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The Bit Bucket (Greg Low): IDisposable

Ramblings of Greg Low (SQL Server MVP, MCM and Microsoft RD) - SQL Down Under

Impact of Software as a Service on ISVs

I love seeing people start to undertake research work in computing areas. There aren't nearly enough. Oscar Trimboli told me today that he's undertaking predoctoral work at present and his topic is the "Impact of Software as a Service on Australian Independent Software Vendors". Oscar is keen to recruit ISVs who are either traditional ISVs or SaaS (Software as a Service) ISVs (or a combination) that have their management and marketing decision making based in Australia. If that sounds like you, I'd encourage you to get in touch with Oscar (Oscar_trimboli @ hotmail.com) and answer his survey questions. Alternately, if you have strong opinions about this space, I'm sure he'd love to hear them.

A description of his research topic is as follows:

RESEARCH SUMMARY

Software as a Service (SaaS) is a fundamental change in the architecture of software development and distribution model that will change the way Australian Independent Software Vendors (ISVs) compete locally and globally.

 

SaaS is an exciting opportunity for local ISVs and simultaneously the most significant threat to the industry in the last 30 years. SaaS rapidly increases the competitive intensity of firms operating in the Australian market place as global ISVs seek to expand into the Australian market. Conversely it offers an important export opportunity for the local industry if ISVs can leverage the impact of the technology and distribution discontinuity created by SaaS.

There is a significant national economic impact through employment growth in the information economy and associated industries especially telecommunications. As a result, there are significant barriers and costs which will limit the effectiveness of Australian ISVs exporting such as the impact of national broadband policy and natural barriers to competition such as national taxation and business processes.

 

SaaS, as a new distribution model impacts the sales and marketing mix of ISVs. Traditional methods of face to face sales and marketing will adapt to the changing nature of the medium and the ability of prospective customers to preview the software they will actually use immediately rather than the traditional approach of presentations and demonstrations via sales and marketing staff. In parallel, ISVs paid upfront commissions to their sales organisation to access ongoing maintenance revenues from their customers.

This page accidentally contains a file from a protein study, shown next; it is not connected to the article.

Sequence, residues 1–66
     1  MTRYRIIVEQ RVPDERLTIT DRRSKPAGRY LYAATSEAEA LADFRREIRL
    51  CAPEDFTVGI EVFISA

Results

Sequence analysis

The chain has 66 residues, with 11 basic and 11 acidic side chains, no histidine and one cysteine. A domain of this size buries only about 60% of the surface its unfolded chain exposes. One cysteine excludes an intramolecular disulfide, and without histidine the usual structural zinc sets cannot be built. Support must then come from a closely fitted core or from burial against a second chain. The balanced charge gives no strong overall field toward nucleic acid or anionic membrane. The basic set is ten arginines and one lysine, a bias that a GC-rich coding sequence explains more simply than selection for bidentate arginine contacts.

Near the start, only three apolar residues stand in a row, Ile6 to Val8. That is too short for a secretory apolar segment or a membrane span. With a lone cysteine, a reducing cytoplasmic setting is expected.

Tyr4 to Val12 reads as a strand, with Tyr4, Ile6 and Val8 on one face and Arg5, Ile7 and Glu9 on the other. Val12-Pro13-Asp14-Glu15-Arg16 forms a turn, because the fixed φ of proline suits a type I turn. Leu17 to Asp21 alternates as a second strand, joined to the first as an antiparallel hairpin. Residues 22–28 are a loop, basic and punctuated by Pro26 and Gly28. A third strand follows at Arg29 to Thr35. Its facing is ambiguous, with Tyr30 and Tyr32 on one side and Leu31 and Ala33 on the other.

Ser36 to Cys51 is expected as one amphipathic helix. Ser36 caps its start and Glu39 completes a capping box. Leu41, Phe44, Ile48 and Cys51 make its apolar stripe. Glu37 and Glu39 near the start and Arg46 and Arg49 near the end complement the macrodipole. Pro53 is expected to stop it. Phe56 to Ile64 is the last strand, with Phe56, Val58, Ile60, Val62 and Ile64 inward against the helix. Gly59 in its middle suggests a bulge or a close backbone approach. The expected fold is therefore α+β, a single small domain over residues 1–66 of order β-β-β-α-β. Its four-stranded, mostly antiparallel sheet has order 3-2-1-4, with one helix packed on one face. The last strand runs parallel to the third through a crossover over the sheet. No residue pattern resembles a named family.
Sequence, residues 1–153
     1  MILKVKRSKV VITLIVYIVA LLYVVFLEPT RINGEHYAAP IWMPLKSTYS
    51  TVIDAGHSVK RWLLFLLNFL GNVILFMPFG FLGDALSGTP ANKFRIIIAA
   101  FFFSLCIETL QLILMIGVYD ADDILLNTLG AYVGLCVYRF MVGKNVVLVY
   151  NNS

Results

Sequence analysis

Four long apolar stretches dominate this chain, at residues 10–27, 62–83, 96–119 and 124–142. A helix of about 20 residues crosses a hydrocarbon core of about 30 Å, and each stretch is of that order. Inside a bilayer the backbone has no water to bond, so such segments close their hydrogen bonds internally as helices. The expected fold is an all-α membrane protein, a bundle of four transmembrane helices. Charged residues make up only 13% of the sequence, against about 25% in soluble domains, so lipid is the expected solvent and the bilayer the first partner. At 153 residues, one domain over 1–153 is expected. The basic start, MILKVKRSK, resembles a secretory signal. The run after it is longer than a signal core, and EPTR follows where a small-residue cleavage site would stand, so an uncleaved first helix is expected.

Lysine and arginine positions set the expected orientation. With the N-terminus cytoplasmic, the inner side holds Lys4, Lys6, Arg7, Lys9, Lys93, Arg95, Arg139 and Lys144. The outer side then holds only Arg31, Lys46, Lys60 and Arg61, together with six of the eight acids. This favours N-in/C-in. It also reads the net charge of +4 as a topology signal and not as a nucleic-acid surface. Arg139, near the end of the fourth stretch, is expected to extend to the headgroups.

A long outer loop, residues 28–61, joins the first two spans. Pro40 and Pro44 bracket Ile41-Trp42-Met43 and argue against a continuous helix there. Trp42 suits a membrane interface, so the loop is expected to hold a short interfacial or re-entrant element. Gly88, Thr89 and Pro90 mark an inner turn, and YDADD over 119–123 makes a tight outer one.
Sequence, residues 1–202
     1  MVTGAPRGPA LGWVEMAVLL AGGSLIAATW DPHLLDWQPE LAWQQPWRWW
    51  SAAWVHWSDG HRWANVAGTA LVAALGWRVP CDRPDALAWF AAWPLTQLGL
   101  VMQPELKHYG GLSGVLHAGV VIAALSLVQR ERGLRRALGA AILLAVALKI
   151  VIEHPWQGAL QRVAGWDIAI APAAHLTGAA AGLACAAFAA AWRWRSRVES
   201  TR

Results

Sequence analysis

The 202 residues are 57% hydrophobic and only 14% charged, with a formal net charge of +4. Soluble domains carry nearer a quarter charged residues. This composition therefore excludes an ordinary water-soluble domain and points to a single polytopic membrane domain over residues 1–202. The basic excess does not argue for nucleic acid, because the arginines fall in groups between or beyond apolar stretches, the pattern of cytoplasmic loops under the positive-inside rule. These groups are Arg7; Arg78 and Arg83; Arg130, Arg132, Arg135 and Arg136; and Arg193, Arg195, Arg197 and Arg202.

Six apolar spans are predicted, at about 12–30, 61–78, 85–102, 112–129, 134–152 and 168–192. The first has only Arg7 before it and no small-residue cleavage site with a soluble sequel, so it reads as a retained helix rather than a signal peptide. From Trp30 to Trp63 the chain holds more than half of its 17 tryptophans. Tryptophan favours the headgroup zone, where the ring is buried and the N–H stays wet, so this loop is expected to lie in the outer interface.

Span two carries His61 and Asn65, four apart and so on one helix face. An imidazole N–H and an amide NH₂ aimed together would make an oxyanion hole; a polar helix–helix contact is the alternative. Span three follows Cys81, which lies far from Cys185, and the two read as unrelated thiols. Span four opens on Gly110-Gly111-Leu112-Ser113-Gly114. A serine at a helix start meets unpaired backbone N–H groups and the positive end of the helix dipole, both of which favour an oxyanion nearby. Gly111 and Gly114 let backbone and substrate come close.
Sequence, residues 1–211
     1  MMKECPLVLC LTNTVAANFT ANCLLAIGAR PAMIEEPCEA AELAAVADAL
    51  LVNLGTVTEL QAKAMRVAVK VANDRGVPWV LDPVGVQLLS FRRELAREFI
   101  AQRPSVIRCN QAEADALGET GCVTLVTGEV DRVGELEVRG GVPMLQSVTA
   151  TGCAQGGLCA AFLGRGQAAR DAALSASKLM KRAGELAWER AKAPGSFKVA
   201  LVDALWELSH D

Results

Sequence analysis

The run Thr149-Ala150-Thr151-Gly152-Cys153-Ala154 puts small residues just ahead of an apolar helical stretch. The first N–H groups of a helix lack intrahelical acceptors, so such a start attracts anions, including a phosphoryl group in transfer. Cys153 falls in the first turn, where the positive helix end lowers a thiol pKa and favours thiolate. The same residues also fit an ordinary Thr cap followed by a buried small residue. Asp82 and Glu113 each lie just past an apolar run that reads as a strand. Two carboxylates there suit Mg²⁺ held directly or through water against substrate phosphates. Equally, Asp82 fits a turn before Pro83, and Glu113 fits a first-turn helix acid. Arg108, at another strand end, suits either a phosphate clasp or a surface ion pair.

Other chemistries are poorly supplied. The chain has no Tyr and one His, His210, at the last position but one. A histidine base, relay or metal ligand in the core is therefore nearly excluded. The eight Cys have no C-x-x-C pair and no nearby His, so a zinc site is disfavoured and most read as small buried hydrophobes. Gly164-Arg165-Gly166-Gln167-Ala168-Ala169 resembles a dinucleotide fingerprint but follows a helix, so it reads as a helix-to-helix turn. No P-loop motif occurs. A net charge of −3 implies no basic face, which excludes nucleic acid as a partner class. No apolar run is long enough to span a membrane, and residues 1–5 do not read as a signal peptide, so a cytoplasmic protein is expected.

Overall capital allocation to research and development will alter through SaaS along two major dimensions. Traditionally, ISVs have maintained multiple versions of their software as their customers where running historical versions. Customers paid annuity maintenance to the ISVs to in part help fund research and development for future versions of software and partly to fund employees which support older versions of software.

 

Conversely, SaaS enables the continuous maintenance on the single and most current version of the software. Customers will always be using the most current and up to date version of their product via SaaS and as a result research and development will be focused on the most current version of the product exclusively.

 

Capital allocation beyond research and development, focused on human and physical resources will alter the business models of ISVs going forward as they need to invest beyond software into data centres and networking competencies.

 

The business model via SaaS can explore alternatives in their revenue models including using upfront licensing revenues, subscription based revenues and advertising revenue based models.

 

SaaS is the most recent technology and business model dis-continuum facing the local ISVs, which the industry faces each decade. Very few Australian ISVs have survived the past 3 decades and the industry has a strong history of generating new ISVs which are successful during their decade.

Finally, the growth of SaaS is a function of end user adoption and these users currently have not be totally embraced SaaS applications due to security, reliability and availability concerns, despite the low cost of entry of the new SaaS applications.

 

Published Monday, April 21, 2008 1:16 PM by Greg Low

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Comments

 

Oscar Trimboli said:

Thanks Greg

I appreciate you taking the time to make others aware of this research

April 20, 2008 9:59 PM
 

it solution provider said:

wow! I think the research study that you've shared is so great. I mean the impact of it can really help in changing the nature of its clients and the application of the software is really convincing.

April 22, 2008 12:43 AM

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